The A$1.6bn project was commissioned between 1992 and 1996, and is located on 1,600 hectares of land. There are four 350MW generating units, housed in a 20-storey boiler house and a turbine hall. The infrastructure was built to withstand cyclonic winds, and construction took seven years.
The power station is owned by Stanwell. It is highly automated, and in 2002 Unit 4 set a world record for 1,073 days of continuous operation. The power station has a 210m high chimney stack and two 130m high cooling towers that are 100m in diameter. Supplying 1.5 million homes, the power station is Stanwell’s largest operating site. It is set in a 3,500 hectare industrial development site, Stanwell Energy Park, which has the potential to become one of Australia’s largest industrial precincts.
4 million tons of coal burnt each year
When operating at full load, Stanwell Power Station burns about 4 million tons of coal a year. Low sulphur black coal from various Central Queensland mines is transported via rail to the station. The coal is stockpiled until required in the boiler bunkers.
Each of the boiler bunkers holds around 350 tons of coal. A feeder regulates the flow of coal from the bunkers to pulverisers. Six pulverisers (mills) for each unit grind the coal into a fine powder. The powdered coal is then mixed with warm air and burnt. The gases, ash and particles from the burnt coal are drawn through two electrostatic precipitators per unit. Charged plates collect the ash, dust, and fine particles out of the gas. The particles are attracted to the plates, then collected in hoppers and are carried away by a conveyor belt.
“The infrastructure was built to withstand cyclonic winds, and construction took seven years.”
The particulate matter is passed to silos, where it is mixed with water and ash. This creates a slurry that is pumped to the ash disposal area. The slurry dries hard like cement, with low amounts of water in the ash reducing the risk of water table contamination. A re-vegetation project is being carried out on the disposal area. The power station is improving waste management practices, including selling fine-grade ash for use as cement extender. The gases that pass through the precipitators are discharged up the chimney. There are four flues within the chimney – one for each unit.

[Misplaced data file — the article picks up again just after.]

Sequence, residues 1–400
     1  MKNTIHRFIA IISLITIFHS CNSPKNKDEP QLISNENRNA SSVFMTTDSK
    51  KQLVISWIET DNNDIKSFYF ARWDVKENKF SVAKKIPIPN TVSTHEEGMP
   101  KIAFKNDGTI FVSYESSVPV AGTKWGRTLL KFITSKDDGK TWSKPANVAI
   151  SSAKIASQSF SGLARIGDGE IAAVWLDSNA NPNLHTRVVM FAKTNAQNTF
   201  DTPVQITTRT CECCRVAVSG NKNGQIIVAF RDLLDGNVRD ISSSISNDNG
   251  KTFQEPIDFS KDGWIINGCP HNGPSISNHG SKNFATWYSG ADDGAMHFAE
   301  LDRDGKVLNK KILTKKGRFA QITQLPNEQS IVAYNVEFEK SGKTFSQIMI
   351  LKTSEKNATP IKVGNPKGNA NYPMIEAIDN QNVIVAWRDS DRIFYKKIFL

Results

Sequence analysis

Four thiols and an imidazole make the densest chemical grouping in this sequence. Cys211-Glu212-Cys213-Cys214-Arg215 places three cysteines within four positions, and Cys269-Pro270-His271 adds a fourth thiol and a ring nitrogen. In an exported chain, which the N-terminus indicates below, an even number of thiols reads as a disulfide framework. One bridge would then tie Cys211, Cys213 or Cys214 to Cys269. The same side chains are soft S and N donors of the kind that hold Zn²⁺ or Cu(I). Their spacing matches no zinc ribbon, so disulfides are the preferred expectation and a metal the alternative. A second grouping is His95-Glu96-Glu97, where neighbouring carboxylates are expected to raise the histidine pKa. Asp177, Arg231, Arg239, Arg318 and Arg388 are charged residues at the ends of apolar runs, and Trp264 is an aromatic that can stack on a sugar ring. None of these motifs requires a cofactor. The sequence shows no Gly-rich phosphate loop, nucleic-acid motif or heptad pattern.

Low NOx burners
“The power station is improving waste management practices, including selling fine-grade ash for use as cement extender.”
Each of Stanwell’s four units has a boiler with about 200km of tubing. The boilers are fitted with low NOx burners. Steam from the boiler is heated to 541°C in the superheater and passes through high-pressure pipework to the turbine. Superheated steam passes from the boiler through the turbine. The steam pressure drops from about 17,000kPa to about 12kPa absolute. That causes the turbine to rotate at 3000rpm.
Once used, the steam is condensed and pumped back to the boiler. After circulating in the condenser, the cooling water – now about 10°C hotter, flows back to the cooling tower. This water is cooled by air and then falls back into the bottom of the cooling tower to be recycled through the condenser. Cooling water comes from the Fitzroy River.
Energy is produced at 20kV, increased to 275kV by the generator transformer before being passed to the Queensland electricity grid. Power enters the grid at the Stanwell switchyard.”Once used, the steam is condensed and pumped back to the boiler.”
Seed orchard on adjacent land
The Stanwell Seed Orchard is located on land adjacent to the power station. The seed orchard is a partnership between Stanwell and Forestry Plantations Queensland (formerly Department of Primary Industry – Forestry) and is project managed by Forestry Plantations Queensland. When production peaks, the orchard will produce 85 million seeds each year.
Stanwell is investigating an integrated gasification combined cycle, geosequestration, and the feasibility of using grey water from the Rockhampton sewerage works.